There have been rumours, and they are just rumours at the moment, that Ann Romney will be dressed as a Welsh cake on Election Night. She'll be there, telling the world how her grandparents showed her how to make Welsh cakes, and how she wants to continue the tradition to her children and so on and so forth
I voted for Obama because I want to sleep. What keeps me up at night is the anger I feel because my husband can't meet the row of alcoholics and pill poppers that make up my lineage. If only he could witness, in person, what a paranoid, trembling mess my remaining family of underpaid, suffering Americans are, he might realize how well I've turned out!
Elections are framed as a clash of personalities, but whilst this adversarial dialogue is engaging, the US election is not a stage of Mortal Kombat. The US election is a complex discourse between different ideas. Sometimes the ideas aren't that different, sometimes they are. The most interesting difference between the policy platforms of the two major parties is the different origins they have.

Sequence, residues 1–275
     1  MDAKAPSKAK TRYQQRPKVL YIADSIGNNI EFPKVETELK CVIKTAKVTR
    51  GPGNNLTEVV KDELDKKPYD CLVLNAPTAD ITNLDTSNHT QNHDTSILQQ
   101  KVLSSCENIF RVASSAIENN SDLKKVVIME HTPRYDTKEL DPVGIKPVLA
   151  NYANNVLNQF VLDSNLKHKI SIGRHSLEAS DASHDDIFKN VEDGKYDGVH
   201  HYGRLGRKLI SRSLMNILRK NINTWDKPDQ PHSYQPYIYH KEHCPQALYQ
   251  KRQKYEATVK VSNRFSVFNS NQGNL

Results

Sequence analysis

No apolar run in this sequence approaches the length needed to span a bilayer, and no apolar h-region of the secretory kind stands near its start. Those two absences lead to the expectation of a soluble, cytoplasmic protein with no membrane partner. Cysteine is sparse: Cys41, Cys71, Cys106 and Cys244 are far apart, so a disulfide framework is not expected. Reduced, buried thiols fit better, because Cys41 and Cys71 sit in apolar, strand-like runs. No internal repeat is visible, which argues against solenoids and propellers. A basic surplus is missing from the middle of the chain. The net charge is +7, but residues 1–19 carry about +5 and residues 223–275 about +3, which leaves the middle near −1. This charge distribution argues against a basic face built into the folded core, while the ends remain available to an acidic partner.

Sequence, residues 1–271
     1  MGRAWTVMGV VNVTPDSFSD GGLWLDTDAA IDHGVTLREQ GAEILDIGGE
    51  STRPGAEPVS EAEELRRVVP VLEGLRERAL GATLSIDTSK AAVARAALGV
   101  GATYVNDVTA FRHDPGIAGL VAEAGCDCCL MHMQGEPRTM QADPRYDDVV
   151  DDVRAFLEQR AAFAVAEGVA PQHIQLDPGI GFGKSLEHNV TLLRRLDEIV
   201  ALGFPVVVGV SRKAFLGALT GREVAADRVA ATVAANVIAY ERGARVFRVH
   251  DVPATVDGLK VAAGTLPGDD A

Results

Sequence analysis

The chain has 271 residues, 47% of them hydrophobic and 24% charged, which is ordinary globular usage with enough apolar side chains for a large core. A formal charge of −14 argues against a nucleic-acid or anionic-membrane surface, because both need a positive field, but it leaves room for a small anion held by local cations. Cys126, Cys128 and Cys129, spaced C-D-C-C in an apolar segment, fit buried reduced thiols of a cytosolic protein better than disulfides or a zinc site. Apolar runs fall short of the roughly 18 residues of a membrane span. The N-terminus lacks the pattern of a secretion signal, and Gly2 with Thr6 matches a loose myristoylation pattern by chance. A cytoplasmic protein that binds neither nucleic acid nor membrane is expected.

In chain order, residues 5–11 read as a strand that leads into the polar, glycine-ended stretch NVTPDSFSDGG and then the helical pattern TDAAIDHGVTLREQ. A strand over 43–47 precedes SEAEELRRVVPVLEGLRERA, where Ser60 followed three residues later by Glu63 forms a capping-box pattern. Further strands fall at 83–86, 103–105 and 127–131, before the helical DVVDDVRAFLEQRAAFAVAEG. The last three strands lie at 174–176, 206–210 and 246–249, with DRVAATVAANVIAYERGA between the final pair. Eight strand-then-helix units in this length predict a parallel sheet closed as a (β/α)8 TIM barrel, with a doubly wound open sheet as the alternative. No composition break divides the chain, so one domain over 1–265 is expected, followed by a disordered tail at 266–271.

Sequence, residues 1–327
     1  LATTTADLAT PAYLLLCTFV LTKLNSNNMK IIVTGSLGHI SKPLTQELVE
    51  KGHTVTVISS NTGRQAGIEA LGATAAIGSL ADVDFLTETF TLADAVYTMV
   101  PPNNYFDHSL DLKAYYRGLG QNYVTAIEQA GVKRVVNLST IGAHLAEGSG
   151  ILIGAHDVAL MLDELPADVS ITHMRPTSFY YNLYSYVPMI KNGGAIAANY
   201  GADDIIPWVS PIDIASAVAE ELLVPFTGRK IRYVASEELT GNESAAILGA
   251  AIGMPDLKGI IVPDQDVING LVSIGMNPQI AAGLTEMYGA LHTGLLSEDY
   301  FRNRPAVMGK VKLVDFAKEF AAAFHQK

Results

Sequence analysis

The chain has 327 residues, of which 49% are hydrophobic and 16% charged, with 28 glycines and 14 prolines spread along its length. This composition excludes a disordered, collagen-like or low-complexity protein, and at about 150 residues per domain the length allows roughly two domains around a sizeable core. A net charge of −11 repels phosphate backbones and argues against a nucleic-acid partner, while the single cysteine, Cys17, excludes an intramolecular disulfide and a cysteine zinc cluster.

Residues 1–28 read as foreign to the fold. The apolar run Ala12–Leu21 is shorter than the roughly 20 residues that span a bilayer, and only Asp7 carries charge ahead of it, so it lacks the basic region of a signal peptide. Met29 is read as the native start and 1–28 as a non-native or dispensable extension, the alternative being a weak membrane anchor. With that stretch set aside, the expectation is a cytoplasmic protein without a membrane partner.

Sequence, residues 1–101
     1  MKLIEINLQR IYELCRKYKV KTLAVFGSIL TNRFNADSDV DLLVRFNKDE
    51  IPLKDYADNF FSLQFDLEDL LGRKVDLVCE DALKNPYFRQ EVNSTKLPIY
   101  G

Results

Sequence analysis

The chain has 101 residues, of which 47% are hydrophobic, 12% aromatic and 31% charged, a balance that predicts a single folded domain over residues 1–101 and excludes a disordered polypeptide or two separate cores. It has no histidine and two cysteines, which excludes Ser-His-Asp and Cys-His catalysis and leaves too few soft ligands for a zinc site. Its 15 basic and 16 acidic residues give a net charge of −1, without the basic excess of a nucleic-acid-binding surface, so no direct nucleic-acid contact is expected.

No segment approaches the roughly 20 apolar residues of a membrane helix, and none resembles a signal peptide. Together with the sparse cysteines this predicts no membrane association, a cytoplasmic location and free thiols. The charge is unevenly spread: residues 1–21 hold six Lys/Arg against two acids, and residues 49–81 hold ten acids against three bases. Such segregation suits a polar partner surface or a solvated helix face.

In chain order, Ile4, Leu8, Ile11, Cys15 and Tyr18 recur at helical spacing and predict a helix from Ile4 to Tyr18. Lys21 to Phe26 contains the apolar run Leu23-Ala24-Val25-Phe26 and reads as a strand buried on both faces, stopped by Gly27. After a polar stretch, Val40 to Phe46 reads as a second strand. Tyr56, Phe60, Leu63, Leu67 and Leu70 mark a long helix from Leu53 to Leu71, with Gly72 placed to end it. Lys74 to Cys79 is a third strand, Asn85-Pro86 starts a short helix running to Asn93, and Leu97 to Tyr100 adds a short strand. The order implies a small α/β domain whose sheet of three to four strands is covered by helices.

The latest psychological research suggests the protracted campaign, adversarial debates, plotted strategy, choice of running mates, elaborately groomed wives, and carefully schemed policies, have a lot less to do with the final result, than the politicians or the media pundits, would have you believe.
Living in the UK, I'm more aware of what's happening in politics from Saudi Arabia to Russia, from Japan to France. Perhaps that's why I'm so fretful about what will happen if Mitt Romney is elected today. I see the attitudes espoused by him and Paul Ryan and wonder what the hell happened over there, that this team - with their retro view of America uber alles and scarily dismissive view of women's autonomy - are seen as the kind of people Americans want in charge.
According to UK defence and security experts, president Obama's Afghan and counter-terrorism policies are broadly on the right track, while popular perceptions of US decline, diminishing European importance and Chinese supremacy are overstated. However, the Obama administration is also seen as having failed to improve US foreign relations in most key areas, particular with regards to Russia and the Middle East.